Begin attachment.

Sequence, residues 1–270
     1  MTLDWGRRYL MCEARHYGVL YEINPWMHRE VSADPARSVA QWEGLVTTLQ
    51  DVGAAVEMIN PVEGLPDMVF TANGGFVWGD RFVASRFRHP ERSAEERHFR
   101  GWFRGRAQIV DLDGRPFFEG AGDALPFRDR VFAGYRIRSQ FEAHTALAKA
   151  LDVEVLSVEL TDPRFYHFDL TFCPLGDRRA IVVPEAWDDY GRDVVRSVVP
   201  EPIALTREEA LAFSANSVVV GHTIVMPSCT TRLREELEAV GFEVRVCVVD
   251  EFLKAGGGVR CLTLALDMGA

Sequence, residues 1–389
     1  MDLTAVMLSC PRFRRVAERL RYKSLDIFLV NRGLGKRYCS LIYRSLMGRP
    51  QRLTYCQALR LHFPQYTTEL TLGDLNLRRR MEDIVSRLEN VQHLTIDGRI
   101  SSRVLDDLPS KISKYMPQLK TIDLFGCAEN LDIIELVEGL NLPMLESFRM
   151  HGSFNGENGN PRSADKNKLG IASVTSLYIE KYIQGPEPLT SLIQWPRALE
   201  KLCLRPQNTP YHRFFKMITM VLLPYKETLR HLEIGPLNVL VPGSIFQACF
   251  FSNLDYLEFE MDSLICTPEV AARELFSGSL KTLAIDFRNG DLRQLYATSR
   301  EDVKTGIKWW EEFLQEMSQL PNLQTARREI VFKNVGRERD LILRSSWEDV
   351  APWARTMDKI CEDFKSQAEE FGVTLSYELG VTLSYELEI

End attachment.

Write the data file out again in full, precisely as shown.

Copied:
Sequence, residues 1–270
     1  MTLDWGRRYL MCEARHYGVL YEINPWMHRE VSADPARSVA QWEGLVTTLQ
    51  DVGAAVEMIN PVEGLPDMVF TANGGFVWGD RFVASRFRHP ERSAEERHFR
   101  GWFRGRAQIV DLDGRPFFEG AGDALPFRDR VFAGYRIRSQ FEAHTALAKA
   151  LDVEVLSVEL TDPRFYHFDL TFCPLGDRRA IVVPEAWDDY GRDVVRSVVP
   201  EPIALTREEA LAFSANSVVV GHTIVMPSCT TRLREELEAV GFEVRVCVVD
   251  EFLKAGGGVR CLTLALDMGA

Sequence, residues 1–389
     1  MDLTAVMLSC PRFRRVAERL RYKSLDIFLV NRGLGKRYCS LIYRSLMGRP
    51  QRLTYCQALR LHFPQYTTEL TLGDLNLRRR MEDIVSRLEN VQHLTIDGRI
   101  SSRVLDDLPS KISKYMPQLK TIDLFGCAEN LDIIELVEGL NLPMLESFRM
   151  HGSFNGENGN PRSADKNKLG IASVTSLYIE KYIQGPEPLT SLIQWPRALE
   201  KLCLRPQNTP YHRFFKMITM VLLPYKETLR HLEIGPLNVL VPGSIFQACF
   251  FSNLDYLEFE MDSLICTPEV AARELFSGSL KTLAIDFRNG DLRQLYATSR
   301  EDVKTGIKWW EEFLQEMSQL PNLQTARREI VFKNVGRERD LILRSSWEDV
   351  APWARTMDKI CEDFKSQAEE FGVTLSYELG VTLSYELEI